Speaking of plantings at the base of this thing my attempt to slow the intrusion of water from the east side seems to be taking. Just enough water comes in to water the plants inside but there is no more flooding! The daylillys I planted in a berm along that wall survived the cold and snow and are starting to poke their first leaves through the soil. We also have daffodils and tulips coming up. It's going to be beautiful!

10 March 2010

A Week's Difference

Most kind and gentle Reader---

When last we conversed, the Farm had just suffered a major late season snow storm that deposited about four inches of exceptionally slick snow on the Farm and its environs (indeed, it barely covered the entire county). Ah, but a week later, it is nearly 60F. Yes, much like last year at this time, it is as if the Creator woke up one morning and threw the switch from Winter to Spring rather than easing said switch gently from one pole to the other.

It has been a week of transitions:
Old crusty snow > new slick snow > ice > mud

Over the last three days, Mr. Fuzzy has earnestly endeavored to repair the winter's damage to the driveway, mostly caused of recent in the form of ruts. 3,900 pounds (American) of gravel have been hand-shoveled into the pot-holes and ruts. This short section shown here swallowed up nearly 1,500 pounds all by itself. Much of the ground is still frozen and the situation is but temporarily under control.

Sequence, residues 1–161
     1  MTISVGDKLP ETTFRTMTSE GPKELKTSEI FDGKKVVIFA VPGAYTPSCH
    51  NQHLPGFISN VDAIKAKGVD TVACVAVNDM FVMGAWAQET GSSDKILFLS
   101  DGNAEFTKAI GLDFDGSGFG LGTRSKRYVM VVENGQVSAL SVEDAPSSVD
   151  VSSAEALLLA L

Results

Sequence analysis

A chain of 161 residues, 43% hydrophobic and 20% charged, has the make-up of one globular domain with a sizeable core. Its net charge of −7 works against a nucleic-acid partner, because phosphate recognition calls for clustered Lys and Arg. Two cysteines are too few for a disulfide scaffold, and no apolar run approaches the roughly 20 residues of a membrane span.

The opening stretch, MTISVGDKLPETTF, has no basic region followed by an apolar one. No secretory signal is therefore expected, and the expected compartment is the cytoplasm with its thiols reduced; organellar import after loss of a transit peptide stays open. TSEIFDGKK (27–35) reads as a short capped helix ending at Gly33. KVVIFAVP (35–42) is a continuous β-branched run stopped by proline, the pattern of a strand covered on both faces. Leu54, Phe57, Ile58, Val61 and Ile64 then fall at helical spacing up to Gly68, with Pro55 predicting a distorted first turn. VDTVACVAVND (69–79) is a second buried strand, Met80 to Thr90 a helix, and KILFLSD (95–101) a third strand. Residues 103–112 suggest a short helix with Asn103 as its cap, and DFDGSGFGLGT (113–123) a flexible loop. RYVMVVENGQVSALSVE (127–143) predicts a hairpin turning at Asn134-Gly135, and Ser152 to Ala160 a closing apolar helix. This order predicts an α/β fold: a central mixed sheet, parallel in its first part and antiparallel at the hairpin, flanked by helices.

The first flowers have bloomed on the Farm, the ever reliable crocus (ah, if only politicians were so reliable), bless their cheery faces. With near certainty it may be prognosticated that there will be several killing frosts yet but no more long term freezing temperatures. Huzzah. Life will so abound again on the Farm after this difficult and severe deep freeze.

07 March 2010

02 March 2010

A Day's Difference


The upper, sunny image was taken yesterday. It was 41F and the snow was fleeing before Sol's radiance. There was bare ground appearing in strategic locations, under trees and on south facing slopes. There were birds singing their welcomes to Spring. Alright, it wasn't Spring but the augurs appeared favorable for an early appearance.



This drab, chilling image was taken in the afternoon hours today as the snowstorm raged on. Ye weather prophets had foreseen but an inch, if that much, of accumulation. False prophets! As darkness dimmed the countryside, the snows were about to cease after depositing about four inches.

There was one summer in the 20th century wherein frost was seen nearly every morn of the year regardless of season (and the notorious winter of 1887-88 when it snowed every month but August). There has never been an official weather observation station in our county but the memories of our farmers last long and burn bright. Oh what shall this most unusual year bring for us in the coming months? Perhaps we should plant iceberg lettuce instead of chiles? We shall see - and hope for just adequate rather than abundant garden yields for sustenance for ourselves and ye wild beasties of the farm and forest.